Contributor: dvdmovieking Created : 4 years ago Updated : 4 years ago
When I think of my grandpa, I don't remember very many specific events. I remember the feeling of hugging him and sitting on his lap. He had a round belly, strong arms, and a scratchy mustache (especially when he gave us kisses). I remember the deep rumble of his voice and the way his laugh sounded, low and throaty. I remember his cowboy boots and his hat, and the slow, steady way he shuffle-walked. I remember his Johnny Cash music playing on the karaoke machine in the living room.
I remember him in the garage, the hum of the handsaw and the smell of sawdust in the air as he crafted a new piece of furniture to give away. Almost every stitch of furniture in my home growing up came from him. He would let us grandkids use a hand broom to sweep the sawdust up as he worked, and we were thrilled to be included. He also let us take some of his wood scraps to create swords, which we colored with crayons and used in our imaginary battles in his backyard.
And of course, there was the lake. I remember being woken up at 4 a.m. to be loaded into his truck so that we could be on the lake in the still morning hours. I remember the salty smell of powerbait and the feel of the tug on my reel when a fish bit. I remember him taking us out for ice cream afterward - the rule was whoever caught the first fish bought everyone's ice cream, but it always ended up being his treat. He also taught his grandkids to water ski. I thought I would freeze and die of hypothermia during my first skiing lesson, but he essentially told me to stop being a sissy. He was patient and persistent, and I learned. We spent many summers camping, fishing, and boating with grandpa, grandma, and the cousins.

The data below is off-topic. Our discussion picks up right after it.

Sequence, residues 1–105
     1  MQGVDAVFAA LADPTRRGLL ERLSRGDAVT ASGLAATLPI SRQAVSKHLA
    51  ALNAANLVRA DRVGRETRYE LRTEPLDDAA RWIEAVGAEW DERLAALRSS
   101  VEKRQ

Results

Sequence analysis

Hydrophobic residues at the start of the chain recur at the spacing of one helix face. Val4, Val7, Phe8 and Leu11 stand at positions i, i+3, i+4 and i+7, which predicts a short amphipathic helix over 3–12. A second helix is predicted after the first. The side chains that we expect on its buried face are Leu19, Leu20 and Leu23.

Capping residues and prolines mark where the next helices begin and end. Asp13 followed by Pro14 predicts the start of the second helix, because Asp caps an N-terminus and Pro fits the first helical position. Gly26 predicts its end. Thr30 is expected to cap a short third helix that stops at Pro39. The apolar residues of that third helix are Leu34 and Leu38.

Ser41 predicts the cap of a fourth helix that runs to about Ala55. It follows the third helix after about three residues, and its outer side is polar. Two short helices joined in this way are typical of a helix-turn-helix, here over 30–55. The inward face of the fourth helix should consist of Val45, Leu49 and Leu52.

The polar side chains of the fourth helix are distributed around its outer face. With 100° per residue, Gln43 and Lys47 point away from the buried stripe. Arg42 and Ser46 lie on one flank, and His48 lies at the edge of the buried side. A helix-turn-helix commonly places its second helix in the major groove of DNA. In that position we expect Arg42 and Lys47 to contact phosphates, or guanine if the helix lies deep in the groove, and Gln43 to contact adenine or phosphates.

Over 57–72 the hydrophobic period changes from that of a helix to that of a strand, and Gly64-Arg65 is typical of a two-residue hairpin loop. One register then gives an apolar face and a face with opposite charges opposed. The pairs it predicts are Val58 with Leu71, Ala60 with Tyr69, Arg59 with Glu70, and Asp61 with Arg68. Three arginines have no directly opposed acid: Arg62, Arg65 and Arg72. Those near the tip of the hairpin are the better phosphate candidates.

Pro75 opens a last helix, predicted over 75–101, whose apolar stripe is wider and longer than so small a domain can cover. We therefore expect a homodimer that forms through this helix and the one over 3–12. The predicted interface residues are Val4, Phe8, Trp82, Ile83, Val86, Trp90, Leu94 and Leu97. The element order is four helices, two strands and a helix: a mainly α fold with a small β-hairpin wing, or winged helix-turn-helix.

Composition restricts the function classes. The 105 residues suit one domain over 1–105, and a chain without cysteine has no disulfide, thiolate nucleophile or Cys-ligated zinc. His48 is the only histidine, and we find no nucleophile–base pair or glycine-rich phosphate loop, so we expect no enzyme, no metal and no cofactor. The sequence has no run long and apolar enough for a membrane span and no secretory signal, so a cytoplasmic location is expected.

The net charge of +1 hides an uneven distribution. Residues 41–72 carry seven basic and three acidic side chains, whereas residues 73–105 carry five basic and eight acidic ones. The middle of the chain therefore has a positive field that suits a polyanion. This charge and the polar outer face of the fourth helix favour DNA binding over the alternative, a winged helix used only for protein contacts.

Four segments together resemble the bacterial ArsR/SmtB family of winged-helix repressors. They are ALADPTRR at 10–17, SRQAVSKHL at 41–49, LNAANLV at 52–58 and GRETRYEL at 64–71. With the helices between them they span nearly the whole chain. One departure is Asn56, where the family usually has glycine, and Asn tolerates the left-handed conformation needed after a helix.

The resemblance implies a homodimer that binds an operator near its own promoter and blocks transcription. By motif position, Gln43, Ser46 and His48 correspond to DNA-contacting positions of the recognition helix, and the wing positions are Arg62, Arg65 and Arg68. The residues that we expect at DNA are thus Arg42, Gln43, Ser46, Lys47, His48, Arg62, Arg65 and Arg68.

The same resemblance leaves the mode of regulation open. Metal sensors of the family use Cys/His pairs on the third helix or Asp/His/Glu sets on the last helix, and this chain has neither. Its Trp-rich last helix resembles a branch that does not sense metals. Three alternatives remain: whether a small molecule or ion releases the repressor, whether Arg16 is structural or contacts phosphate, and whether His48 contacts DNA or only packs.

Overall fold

I remember how Grandma and Grandpa drove the four hours to St. George for practically every birthday, holiday, sports event, concert, or graduation. And he always had to have a roll of duct tape, so that he could threaten to tape us to the wall if we were naughty. Grandma tells the story of how he forgot the duct tape once, and they had to stop at Wal-Mart on their way to our house so he could buy some. I remember him driving me to school with the bum-warmers on, and the way he always went exactly the speed limit. And I also remember his restlessness - he would come, but within a few days, he was itching to be home again.
He was quiet but consistent in his support of us. I've heard that in his younger years, he would smile and laugh more often. I knew him as more of a somber guy - a man of few words, but always there. He was the first to sacrifice whatever was necessary in support of his family. Even when he struggled with his own trials - depression, diabetes, etc - he was unfailingly present. His love wasn't the gushy kind. His love was like the bedrock that kept us all on solid ground.